How does a tractor work? Why is a fork called a fork? Where do lightning bugs go in the daytime? How many teeth does a mouse have?
These are just some of the many questions my 4-year-old asks me in the morning. Before I’ve had my coffee. It’s endless.
As a mother, I love my son dearly. As a teacher, I love inquisitive minds. But despite both roles, I constantly find myself sighing and saying, “I don’t know!” in an exasperated manner. The last thing I want to do is hinder his curiosity, yet I constantly quell the desire to shout, “Stop asking so many questions! Just accept things as they are!”
Then I realize I sometimes do the same thing with my faith and my relationship with God.
I have questions about the Church that I either never learned or whose answers I forgot and now, subsequently, make me feel both guilty and ignorant: What’s the point in wearing a veil to Mass? How exactly can the pope be infallible if he is human? How is it possible that Jesus is literally present in the Eucharist?
Then there are questions that verge on the “D” word: doubt. Why is life so unfair? How is it possible for God to love me? Why did [insert latest bad news story here] happen? And instead of feeling inquisitive about it, instead of seeking out a guiding voice, I feel so heavily guilty that I push all these questions down. I hear that same impatient mom voice in my head telling me to just accept the things that are presented to me, to not question. Because how can I be a good Catholic if I question my own faith?
And then, a few months ago, I felt God reach out to me through my favorite things in the world: books.
The last unit I taught in my 9th grade English class this year was on “Night,” Elie Wiesel’s Holocaust memoir. In the first chapter, the author talks with his spiritual mentor, Moshe. When Elie asks Moshe why he prays, Moshe replies: “I pray to the God within me that He will give me the strength to ask Him the right questions.”
Even though I have taught the book for almost 10 years, that was the first time that line hit me. After school that day, I sat with that text for awhile. Moshe doesn’t pray for answers. He prays for the “strength to ask [God] the right questions.”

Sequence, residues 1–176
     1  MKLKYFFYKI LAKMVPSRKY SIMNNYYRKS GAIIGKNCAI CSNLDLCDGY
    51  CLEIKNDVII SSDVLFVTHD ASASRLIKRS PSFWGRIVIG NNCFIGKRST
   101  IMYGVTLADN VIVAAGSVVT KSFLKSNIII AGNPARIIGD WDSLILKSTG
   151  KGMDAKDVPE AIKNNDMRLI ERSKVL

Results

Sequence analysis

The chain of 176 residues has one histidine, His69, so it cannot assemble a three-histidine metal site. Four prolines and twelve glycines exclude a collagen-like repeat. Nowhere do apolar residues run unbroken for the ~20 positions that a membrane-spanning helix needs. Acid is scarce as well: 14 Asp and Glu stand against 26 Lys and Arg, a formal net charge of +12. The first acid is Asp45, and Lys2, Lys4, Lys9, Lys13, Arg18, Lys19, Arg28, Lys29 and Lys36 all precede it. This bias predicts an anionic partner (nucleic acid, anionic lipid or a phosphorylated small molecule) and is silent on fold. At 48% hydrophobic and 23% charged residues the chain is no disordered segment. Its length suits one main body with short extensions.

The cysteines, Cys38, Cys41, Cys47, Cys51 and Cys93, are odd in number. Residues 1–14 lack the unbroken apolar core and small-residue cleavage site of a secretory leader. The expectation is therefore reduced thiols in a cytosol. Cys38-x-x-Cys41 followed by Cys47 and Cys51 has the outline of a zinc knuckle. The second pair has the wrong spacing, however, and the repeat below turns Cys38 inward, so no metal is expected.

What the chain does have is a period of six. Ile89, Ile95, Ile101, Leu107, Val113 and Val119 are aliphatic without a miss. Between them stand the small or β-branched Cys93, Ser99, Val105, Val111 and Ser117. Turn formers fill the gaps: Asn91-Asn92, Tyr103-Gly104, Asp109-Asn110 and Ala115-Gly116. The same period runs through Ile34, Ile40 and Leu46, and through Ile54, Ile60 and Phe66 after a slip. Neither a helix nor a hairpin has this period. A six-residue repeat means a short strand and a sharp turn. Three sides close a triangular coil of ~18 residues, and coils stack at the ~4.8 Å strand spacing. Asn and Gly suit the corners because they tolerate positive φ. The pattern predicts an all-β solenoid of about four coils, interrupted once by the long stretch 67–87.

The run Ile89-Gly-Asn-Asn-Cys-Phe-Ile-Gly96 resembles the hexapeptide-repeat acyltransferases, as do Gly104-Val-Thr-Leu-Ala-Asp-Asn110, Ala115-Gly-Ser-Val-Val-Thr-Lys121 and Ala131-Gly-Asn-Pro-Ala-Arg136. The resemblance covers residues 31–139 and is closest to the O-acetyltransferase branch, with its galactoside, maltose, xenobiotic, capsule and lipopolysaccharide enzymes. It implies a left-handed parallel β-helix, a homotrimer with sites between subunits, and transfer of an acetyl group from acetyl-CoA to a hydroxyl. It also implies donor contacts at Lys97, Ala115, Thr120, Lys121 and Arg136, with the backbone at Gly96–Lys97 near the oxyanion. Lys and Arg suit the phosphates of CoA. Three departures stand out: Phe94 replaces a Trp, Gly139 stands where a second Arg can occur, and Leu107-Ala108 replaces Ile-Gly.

Maybe God doesn’t want us to accept things how they are. Maybe it’s okay to have questions about my faith. Maybe it’s about finding the questions, not the answers.
In search of validation and sources to back up this idea, I turned to the Catechism. In Chapter 3, it states that “it is intrinsic to faith that a believer desire to know better the One in whom he has put his faith and to understand better what He has revealed” (CCC 158). Later, in the same paragraph, the words of St. Augustine are used to support this: “I believe in order to understand; and I understand, the better to believe,” which made me think that Moshe and Elie and St. Augustine would probably have some great conversations if they all got together.
Continuing my search, I found additional solace in the words of Pope Francis in a 2016 weekly address where he not only acknowledged that he struggles with his own doubt but also says, “We do not need to be afraid of questions and doubts because they are the beginning of a path of knowledge and going deeper; one who does not ask questions cannot progress either in knowledge or in faith.”
The comfort I found in the words of Pope Francis was immense and gave me a new perspective, both as a child of God and a mother. The questions I have about my faith aren’t meant to keep me from God but draw me into a closer relationship with him. I should be questioning.
As a Cradle Catholic, it’s easy to forget that my faith is not just a static thing. Just like my son, my faith needs to grow. Just like my son, I am seeking to understand.
Questions may come out of nowhere and at inopportune times. Answers may only lead us to more questions, and we may fail to fully comprehend. But it’s important that we struggle with these questions in order to deepen our faith.
These are the things I will try to remember the next time my son randomly asks me how many teeth a mouse has, which, according to Google, is 16.